Explore The NRA Universe Of Websites

Must-Have Turkey Gear for 2021

Must-Have Turkey Gear for 2021

Be prepared when you enter the turkey woods this spring with this year's must-have gear.

Avian-X HDR Strutter Decoy


1. Avian-X HDR Strutter

Recognizing that one size hasn’t always fit all, Avian-X designed the HDR Strutter with customizable features that allow you to utilize a single decoy for any situation. Shipped with two interchangeable heads (one red and one white), removable strutting wings and a synthetic tail fan, you can choose the level of aggression your decoy displays. By adjusting the length of the outside fan feathers, you can also set the HDR Strutter to mimic both a dominant tom or a young jake. Decoy is fully flocked and sports incredibly realistic detail down to the beard and spurs. If you’re looking to take the realism even further, swap out the included tail fan and wings for the real thing! MSRP: $249.99; avian-x.com.

Franchi Affinity 3 Elite Turkey Shotgun


2. Franchi Affinity 3 Elite Turkey

This inertia-operated semi-auto has been upgraded to “Elite” status with extras that turn this workhorse into a dedicated turkey gun. In addition to a 24-inch barrel and pistol grip, the Affinity 3 Elite Turkey features an expanded loading port, a large bolt release, oversized bolt handle, bright fiber-optic sights, Optifade Subalpine camo on the synthetic stock, a protective Midnight Bronze Cerakote finish on the barrel and receiver, two extended turkey chokes, a lengthened forcing cone for better patterns, a TSA recoil pad and a short Picatinny rail for the mounting of a red-dot optic. It’s also adjustable for drop and cast. Available in 12- and 20-gauge with a 3-inch chamber. MSRP: $1,249; franchiusa.com.

TrueTimber AirPack 90 Ground Blind


3. TrueTimber AirPack 90 Ground Blind

By relying on inflatable beams for structure, the innovative TrueTimber AirPack 90 is lighter and more compact than comparably sized blinds. The blind’s durable outer shell in TrueTimber’s Strata camo pattern encloses a roomy 75x75-inch interior footprint that reaches over 7½ feet tall, yet stuffs neatly in its backpack with a total carry weight of 20 pounds. Using the supplied pump, the blind sets up in minutes and is strong enough to withstand snow and wind that would wreck models built on thin rods or poles. Large, zippered windows provide rifle hunters surround shooting, while a vertical door-slot caters to bowhunters, and both come with removable, shoot-through mesh curtains. This blind is as capable and comfortable as they come, yet portable enough to go anywhere. MSRP: $259.99; truetimber.com.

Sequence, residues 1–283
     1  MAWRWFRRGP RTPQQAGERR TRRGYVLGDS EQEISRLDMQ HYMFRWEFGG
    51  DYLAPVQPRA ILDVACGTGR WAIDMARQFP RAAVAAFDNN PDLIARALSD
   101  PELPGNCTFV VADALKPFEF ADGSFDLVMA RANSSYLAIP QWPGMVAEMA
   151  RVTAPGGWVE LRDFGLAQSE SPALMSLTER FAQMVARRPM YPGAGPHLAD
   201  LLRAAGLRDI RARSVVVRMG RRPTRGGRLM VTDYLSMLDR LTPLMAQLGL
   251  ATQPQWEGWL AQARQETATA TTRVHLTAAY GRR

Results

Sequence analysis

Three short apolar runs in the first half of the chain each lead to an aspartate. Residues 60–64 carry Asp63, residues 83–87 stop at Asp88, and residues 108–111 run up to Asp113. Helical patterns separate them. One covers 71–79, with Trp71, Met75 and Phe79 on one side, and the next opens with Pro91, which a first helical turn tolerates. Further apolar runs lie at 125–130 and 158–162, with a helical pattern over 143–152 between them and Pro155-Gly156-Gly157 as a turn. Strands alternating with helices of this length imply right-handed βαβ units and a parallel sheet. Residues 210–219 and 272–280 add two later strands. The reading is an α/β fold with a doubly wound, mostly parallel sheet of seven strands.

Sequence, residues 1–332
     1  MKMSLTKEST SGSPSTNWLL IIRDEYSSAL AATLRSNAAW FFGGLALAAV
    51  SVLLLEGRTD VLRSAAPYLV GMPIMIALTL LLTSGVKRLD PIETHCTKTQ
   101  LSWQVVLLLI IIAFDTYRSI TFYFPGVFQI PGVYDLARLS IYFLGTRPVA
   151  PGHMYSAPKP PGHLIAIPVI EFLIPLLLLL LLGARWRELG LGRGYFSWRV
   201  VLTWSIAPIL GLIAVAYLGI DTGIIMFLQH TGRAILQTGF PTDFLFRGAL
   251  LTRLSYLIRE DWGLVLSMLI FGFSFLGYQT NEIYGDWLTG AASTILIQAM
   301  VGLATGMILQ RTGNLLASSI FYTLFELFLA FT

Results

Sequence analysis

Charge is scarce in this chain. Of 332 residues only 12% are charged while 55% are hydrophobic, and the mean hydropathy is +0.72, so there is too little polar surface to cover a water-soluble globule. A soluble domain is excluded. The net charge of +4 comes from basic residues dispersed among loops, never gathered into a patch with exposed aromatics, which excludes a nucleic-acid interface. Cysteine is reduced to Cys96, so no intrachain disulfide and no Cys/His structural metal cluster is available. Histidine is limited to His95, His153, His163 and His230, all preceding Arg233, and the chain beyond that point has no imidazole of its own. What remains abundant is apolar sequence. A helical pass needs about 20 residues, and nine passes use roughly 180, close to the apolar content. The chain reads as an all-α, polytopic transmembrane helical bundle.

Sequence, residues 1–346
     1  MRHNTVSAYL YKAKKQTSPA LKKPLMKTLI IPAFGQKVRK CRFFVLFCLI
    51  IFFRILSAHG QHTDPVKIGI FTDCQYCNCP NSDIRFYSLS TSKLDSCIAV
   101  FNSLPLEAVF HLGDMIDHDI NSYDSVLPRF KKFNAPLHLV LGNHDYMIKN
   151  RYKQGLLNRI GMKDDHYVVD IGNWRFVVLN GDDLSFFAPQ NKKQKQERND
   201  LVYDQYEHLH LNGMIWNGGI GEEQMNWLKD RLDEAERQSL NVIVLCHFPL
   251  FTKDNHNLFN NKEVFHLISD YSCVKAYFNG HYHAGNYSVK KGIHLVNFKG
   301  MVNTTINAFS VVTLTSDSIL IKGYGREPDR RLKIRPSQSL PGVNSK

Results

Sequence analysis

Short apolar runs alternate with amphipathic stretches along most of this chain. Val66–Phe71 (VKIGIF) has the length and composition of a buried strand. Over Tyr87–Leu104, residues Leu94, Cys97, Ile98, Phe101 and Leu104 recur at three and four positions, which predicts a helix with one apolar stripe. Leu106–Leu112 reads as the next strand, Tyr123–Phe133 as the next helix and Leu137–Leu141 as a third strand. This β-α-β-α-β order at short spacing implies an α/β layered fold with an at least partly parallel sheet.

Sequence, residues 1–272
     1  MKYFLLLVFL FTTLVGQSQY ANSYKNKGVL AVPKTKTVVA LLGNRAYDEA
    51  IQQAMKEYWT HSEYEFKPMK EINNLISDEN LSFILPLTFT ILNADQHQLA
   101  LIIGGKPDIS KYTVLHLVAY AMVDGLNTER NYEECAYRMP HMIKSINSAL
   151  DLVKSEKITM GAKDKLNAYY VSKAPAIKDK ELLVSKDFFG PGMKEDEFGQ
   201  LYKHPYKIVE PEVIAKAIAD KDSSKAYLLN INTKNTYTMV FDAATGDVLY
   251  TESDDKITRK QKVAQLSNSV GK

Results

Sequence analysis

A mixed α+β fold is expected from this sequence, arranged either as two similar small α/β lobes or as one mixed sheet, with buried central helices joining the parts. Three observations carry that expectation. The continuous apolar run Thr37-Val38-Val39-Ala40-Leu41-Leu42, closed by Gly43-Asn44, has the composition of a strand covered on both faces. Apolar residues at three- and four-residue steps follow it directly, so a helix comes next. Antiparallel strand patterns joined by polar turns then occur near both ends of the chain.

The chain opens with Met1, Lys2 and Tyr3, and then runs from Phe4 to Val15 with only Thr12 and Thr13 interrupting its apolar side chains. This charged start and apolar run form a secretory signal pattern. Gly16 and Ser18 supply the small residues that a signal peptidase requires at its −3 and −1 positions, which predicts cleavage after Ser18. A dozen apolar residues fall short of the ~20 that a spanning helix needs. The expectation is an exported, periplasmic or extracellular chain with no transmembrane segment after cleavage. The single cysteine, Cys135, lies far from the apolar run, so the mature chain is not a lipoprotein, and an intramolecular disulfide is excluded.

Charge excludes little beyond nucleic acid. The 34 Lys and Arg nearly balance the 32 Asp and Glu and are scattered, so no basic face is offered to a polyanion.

Dryshod ViperStop Snake Hunting Boot


4. Dryshod ViperStop Snake Hunting Boot

Built specifically for the spring woods, the ViperStop snake boots from Dryshod house a breathable, moisture-wicking air-mesh lining to keep your feet cool inside of an extra-tall, hand-laid, waterproof and puncture-resistant rubber shell to keep you safe from the season's fanged dangers. Adjustable gussets provide the perfect fit for all-day comfort. These boots also sport a removable sock liner, a nylon shank, instep reinforcement and a durable outsole with lugs to handle any terrain. Available in Veil camo. MSRP: $189.95; dryshodusa.com.

Nomad Killin' Time Turkey Vest


5. Nomad Killin' Time Turkey Vest

Complete with specialized pockets for box calls, mouth calls, pot calls, water bottles, decoys, stakes and more—28 different pockets in total—the Killin’ Time Turkey Vest from Nomad has the room to carry what you need for an all-day grudge match. Adjustable at 14 points for a customized fit, this vest comes clad in Mossy Oak Bottomland camo, or, exclusive to Nomad, Mossy Oak Shadow Leaf camo. A built-in seat folds out of the way when not in use, and an additional high-density foam seat cushion with magnetic attachment can be deployed quickly for added comfort, or removed altogether. For those of us keeping our eyes open for another bounty in the spring woods, Nomad built in a mesh stow sack for the collection of morel mushrooms. MSRP: $180; nomadoutdoor.com. 

Comments On This Article

More Like This From Around The NRA